Sunday, August 22, 2010
It's been a few years since I've climbed Mt. Gilbert, and I have to wonder why. What a great climb - stellar views, an impressive-looking peak, all kinds of wildlife... even a good trail that gets you a lot of the way there. What more could a girl ask for?
My friends Bruce and Jeff suggested the trip a couple of weeks ago, and I'm darned glad they did. That said, our day turned into a bit more of an adventure than we'd anticipated - nothing we couldn't deal with, but we ended up back at the truck about seven hours late. Yes, folks, once again I ventured into Seitz Canyon, and once again I ventured into a lightning storm. So far, Seitz and I are batting .1000 for storms.
In the past, when we've climbed Gilbert, we've done so from the Scout Camp, downclimbing our up route back to the truck. One of our number had had recent back surgery, though, and between that and the storm rolling in we opted to downclimb into Seitz Canyon in order to get below timberline more quickly, to avoid slippery rain-soaked rocks, and to avail ourselves of the trail to walk out. As luck would have it, we ended up pinned down by lightning several times, squandering a few hours of daylight we could have used walking out. The good news is that we had a great time, got out safely, and had cold beer and dinner waiting for us when we got home.
Gilbert clearly doesn't get climbed very often - the old cairn and register had been removed since I was last there in 2007, and the new register placed in 2008 had only three entries besides ours. Gilbert looks a little daunting from the road, I guess, but it's such a fun climb and so readily accessible you'd think more people would venture up there. It's a super ski destination in the spring when conditions are safe. It's a darned fun - if not much visited - summer climb, as well.
Gilbert's obviously an off-trail route, which provides an opportunity to talk briefly about off-trail hiking. If you're reading this blog, this is likely old hat to you, but hopefully this will remind you to share this information with your less-experienced climbing partners.
As off-trail hikers, it's our responsibility to minimize our impact on the mountains we're visiting. As rugged as they seem, the mountains are in actuality very fragile, and it's astonishingly easy for us to create significant ecological damage through careless travel habits. It should go without saying - if you pack it in, pack it out and, what's more, pack out the other idiot's garbage, too. A little less obvious, though, is route selection.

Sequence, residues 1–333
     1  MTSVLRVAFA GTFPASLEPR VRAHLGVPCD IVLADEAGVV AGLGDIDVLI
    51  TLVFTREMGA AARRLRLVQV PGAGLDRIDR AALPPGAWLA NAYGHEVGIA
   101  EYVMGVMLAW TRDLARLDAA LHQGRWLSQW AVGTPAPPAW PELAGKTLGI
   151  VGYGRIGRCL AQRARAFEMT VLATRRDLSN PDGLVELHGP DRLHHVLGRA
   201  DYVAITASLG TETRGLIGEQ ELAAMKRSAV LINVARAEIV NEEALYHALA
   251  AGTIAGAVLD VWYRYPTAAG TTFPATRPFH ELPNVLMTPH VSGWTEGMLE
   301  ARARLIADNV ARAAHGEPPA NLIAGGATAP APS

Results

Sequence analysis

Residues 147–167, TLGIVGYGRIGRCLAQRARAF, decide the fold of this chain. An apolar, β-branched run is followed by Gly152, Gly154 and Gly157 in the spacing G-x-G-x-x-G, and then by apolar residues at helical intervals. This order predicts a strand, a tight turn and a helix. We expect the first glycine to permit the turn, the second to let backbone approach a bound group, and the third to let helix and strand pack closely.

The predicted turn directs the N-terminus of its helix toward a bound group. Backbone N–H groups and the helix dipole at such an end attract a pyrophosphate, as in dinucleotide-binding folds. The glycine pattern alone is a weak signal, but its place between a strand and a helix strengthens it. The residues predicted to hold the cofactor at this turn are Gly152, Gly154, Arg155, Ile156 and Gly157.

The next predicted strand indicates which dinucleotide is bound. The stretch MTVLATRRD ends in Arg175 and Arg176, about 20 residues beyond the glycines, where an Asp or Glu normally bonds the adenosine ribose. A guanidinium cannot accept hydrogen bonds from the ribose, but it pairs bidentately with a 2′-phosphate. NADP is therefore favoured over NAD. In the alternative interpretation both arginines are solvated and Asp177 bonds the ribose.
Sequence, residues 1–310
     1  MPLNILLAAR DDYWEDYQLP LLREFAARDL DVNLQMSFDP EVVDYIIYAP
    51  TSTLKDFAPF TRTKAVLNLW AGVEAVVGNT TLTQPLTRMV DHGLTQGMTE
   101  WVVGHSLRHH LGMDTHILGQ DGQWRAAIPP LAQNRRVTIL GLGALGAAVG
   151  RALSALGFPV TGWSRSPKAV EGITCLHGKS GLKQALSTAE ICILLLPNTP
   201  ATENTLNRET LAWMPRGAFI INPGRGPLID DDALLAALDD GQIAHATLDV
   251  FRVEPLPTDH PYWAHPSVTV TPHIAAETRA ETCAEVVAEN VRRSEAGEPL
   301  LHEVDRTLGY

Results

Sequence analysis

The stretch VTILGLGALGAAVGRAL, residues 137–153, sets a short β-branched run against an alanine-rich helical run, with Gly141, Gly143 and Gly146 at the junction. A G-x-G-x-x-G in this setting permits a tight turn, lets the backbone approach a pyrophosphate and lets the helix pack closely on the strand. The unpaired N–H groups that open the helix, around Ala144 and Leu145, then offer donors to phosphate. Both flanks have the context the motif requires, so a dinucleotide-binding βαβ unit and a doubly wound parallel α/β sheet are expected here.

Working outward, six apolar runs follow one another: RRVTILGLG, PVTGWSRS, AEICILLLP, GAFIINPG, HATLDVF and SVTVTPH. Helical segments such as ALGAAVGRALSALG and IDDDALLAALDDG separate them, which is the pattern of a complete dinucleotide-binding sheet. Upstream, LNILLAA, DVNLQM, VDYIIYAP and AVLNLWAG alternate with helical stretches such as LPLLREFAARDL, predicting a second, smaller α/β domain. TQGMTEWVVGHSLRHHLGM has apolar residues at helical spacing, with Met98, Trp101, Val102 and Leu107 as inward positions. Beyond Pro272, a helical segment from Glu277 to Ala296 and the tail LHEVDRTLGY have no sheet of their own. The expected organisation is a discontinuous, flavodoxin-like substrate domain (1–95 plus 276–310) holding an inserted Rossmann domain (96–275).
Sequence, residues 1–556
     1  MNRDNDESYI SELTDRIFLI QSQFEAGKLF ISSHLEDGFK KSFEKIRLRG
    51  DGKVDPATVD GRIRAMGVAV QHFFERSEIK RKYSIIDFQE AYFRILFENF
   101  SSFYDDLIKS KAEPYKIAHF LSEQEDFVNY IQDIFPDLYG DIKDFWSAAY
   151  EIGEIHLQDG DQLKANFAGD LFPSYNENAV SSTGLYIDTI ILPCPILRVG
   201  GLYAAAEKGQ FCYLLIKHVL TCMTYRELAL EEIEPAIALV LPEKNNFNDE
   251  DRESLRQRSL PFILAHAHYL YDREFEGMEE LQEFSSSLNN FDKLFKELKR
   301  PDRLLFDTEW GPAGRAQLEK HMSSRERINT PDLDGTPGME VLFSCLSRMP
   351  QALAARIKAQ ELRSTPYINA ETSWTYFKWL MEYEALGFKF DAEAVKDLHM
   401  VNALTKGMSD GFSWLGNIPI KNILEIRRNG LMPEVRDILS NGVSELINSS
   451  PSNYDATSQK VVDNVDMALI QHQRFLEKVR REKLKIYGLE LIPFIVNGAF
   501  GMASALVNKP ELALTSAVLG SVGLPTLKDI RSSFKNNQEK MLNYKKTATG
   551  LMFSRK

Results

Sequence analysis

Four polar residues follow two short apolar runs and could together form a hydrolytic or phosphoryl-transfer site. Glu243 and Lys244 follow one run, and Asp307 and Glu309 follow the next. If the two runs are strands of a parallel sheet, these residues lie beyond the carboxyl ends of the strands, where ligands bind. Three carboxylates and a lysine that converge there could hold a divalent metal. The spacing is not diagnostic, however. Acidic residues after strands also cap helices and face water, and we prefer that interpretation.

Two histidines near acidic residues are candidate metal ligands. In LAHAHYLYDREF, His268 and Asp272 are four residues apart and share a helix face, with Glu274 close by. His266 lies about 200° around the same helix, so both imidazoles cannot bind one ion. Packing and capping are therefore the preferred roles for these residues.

Choose a walking surface that minimizes the potential damage done by your footsteps. The best walking surface for this purpose is - SNOW! Walk on it all you like, you aren't going to hurt anything. It's just going to melt away and leave the plants and soils underneath unimpacted.
If there isn't a handy snowfield you can use, your next best bet is ROCK. Lamoille Canyon is full of conveniently-placed rock rims, boulders, and torso-sized stones, and they make great walking surfaces. Often times you can pick your way through plant areas by stepping rock-to-rock. It usually provides great traction, too. Bonus.
If you can't find rocks where you want/need to go, opt for dirt. This will require some care on your part to avoid causing damage, but it can be done. Look for game trails - they abound, and they're obviously already impacted.
Your last option should be stepping on plants. There aren't a lot of places up the canyon where you can't find snow, rocks or dirt to walk on, but sometimes stepping on plants is necessary. I get it - just keep it to a minimum.
Here's some beta for would-be Gilbert climbers:
MT. GILBERT - 11,120'
Length: 7 miles RT from Right Fork Lamoille Canyon trailhead
Elevation gain: 4,026'
Difficulty: Class D-E-R (difficult with exposure and route-finding)